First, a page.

I had few choices. I had already sent out resumes to jobs in the trade journals, with no replies. I could not compete with other applicants who had degrees in lighting design. The decision was made to move to Florida. I was brazen enough to think I could get a job working for Walt Disney World. I turned in all my fire department equipment and set out for the sunshine state. I did have family that lived in central Florida and a place to stay. I worked for a photography company for a while, hit a few low points in life and took a job with the Southland Corporation, which owns Seven Eleven. Not the job I came to Florida to work, but again it paid and I needed the work.  One year later and a few hair follicles less I needed change again. Two years passed since moving and I had not yet applied to Disney. This was my last chance, go or no go I was going to try, I had nothing to lose. I gathered my resume once again, went down to central casting and put in my application.

One week passed, I thought it was a lost cause. Then I got the phone call. Disney wanted me to come down and be interviewed. I think I wanted to be sick, or celebrate I couldn’t decide. I was given a verbal test of lighting equipment and basic theatrical knowledge. They told me that there were no full time spots open, but they had a part-time program through the local IATSE union. The Disney TERP (I don’t remember the full acronym but it was like PRN in the medical field, a temporary as needed employment) program. November 1998 I was officially working in the parks at Disney World. Finally back to the work I enjoyed theater.

As the Christmas season drew to a close I was working six and seven days a week. Management tried to prepare me for the end of the season, warning that there would not be many hours available. In January I learned of a couple of full time positions open at the Magic Kingdom. I applied to one, got beat out once again by a person with a degree. The manager of this area liked me so she passed my resume to the tech manager. After the interview, I was offered the job of Entertainment Technician in the Magic Kingdom. Maybe this was the place where dreams come true?  I don’t know how I managed, but I had achieved what many people try, I got a job as a technician at Disney.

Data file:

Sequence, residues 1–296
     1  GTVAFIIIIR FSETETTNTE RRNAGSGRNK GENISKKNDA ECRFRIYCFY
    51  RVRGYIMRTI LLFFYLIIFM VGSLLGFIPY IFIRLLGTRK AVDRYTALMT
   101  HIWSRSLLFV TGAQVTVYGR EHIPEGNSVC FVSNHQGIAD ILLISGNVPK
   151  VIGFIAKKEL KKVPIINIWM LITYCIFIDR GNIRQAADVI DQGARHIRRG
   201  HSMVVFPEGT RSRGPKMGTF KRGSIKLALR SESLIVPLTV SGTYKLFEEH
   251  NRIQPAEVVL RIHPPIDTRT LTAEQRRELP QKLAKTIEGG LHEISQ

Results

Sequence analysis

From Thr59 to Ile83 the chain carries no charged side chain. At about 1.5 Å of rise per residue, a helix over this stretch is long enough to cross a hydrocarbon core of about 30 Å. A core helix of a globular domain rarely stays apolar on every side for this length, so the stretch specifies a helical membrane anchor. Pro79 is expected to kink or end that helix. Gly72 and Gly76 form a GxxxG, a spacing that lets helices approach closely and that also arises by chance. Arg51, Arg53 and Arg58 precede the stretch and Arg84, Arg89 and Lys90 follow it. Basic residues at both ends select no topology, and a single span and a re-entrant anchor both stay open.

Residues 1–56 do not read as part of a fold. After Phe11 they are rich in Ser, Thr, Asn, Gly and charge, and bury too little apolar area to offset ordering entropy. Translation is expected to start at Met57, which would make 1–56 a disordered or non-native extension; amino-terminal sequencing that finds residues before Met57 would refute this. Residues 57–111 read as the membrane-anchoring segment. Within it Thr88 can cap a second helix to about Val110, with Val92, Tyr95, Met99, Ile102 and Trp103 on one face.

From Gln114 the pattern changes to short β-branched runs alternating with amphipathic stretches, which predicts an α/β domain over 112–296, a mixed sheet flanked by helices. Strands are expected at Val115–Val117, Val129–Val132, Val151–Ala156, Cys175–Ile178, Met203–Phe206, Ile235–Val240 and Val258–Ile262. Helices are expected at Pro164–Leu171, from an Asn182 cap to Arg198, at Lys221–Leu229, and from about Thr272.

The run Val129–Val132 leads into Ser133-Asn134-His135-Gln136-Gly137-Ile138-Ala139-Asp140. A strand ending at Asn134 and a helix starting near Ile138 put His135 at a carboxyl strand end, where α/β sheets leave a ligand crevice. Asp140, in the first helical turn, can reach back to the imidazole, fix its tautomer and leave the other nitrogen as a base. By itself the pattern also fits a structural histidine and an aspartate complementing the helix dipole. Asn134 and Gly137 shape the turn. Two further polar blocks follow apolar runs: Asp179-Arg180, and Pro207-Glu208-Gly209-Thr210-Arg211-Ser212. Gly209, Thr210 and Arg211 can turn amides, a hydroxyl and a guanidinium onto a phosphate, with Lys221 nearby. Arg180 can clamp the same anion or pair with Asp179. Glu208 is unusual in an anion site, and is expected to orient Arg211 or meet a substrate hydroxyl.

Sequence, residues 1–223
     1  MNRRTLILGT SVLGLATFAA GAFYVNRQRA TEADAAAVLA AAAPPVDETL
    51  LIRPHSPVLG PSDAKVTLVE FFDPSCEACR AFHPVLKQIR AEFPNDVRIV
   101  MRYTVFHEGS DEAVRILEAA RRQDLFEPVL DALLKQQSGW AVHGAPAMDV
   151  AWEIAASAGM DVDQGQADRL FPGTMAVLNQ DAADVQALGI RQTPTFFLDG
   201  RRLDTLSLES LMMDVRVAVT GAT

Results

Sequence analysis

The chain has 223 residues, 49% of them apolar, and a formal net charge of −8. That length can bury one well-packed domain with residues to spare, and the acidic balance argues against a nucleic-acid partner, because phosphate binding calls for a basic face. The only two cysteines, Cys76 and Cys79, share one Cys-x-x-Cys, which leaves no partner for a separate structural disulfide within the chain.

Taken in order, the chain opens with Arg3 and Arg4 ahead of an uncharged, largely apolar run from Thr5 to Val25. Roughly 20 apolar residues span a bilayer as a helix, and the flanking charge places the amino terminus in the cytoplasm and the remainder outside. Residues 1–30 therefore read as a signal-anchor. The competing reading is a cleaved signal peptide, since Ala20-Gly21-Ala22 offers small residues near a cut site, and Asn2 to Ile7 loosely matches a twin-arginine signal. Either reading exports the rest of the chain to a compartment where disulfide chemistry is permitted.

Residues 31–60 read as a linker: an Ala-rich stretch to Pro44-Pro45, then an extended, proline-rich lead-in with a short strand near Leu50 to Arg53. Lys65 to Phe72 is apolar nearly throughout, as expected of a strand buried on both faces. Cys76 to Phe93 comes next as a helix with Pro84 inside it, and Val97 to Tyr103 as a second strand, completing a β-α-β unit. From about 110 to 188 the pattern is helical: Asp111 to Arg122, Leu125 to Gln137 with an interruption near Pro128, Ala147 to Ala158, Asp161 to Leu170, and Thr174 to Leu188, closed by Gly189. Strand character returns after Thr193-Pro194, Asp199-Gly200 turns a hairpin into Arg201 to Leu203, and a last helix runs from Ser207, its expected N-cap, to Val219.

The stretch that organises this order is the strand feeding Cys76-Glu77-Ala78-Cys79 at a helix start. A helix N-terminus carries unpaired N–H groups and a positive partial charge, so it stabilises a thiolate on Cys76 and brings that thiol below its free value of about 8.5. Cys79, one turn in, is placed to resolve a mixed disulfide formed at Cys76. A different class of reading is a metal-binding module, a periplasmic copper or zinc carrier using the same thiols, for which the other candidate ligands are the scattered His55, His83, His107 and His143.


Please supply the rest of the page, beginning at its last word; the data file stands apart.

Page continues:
January 10, 1999 was my official hire date. I was now a cast member. I sat through my orientation (called traditions) in disbelief.  I had the best job in the world. I couldn’t believe that they were paying me to do this job. I was shuffled around a little, which added some tarnish to the idealistic job. Looking back, getting hired was one of the best things that happened to me. I also found a local volunteer fire department to join so I could continue my favorite hobby. In 2000 I met my wife for the first time, who also worked as an entertainment technician. We wouldn’t start dating until late that year, but that’s for another story. Life was good, the normal frustrations of working for a large corporation aside, I enjoyed my job. I had opportunities to do things and see things that no one else would.

Part two continues here…

Advertisements

About Joel

I am a paramedic, firefighter and I work for an organ procurement organization. All stories related to work have been altered to HIPPA standards and for the protection of those involved. The personal stories are different. Photography, flying, aviation, hiking, camping, travel, geocaching, amateur radio are a few of my hobbies.
This entry was posted in musings and tagged , , , , , , , , . Bookmark the permalink.

One Response to Life Less Ordinary

  1. Pingback: Life Less Ordinary 2 « Rescue Monkey

Leave a Reply

Fill in your details below or click an icon to log in:

WordPress.com Logo

You are commenting using your WordPress.com account. Log Out / Change )

Twitter picture

You are commenting using your Twitter account. Log Out / Change )

Facebook photo

You are commenting using your Facebook account. Log Out / Change )

Google+ photo

You are commenting using your Google+ account. Log Out / Change )

Connecting to %s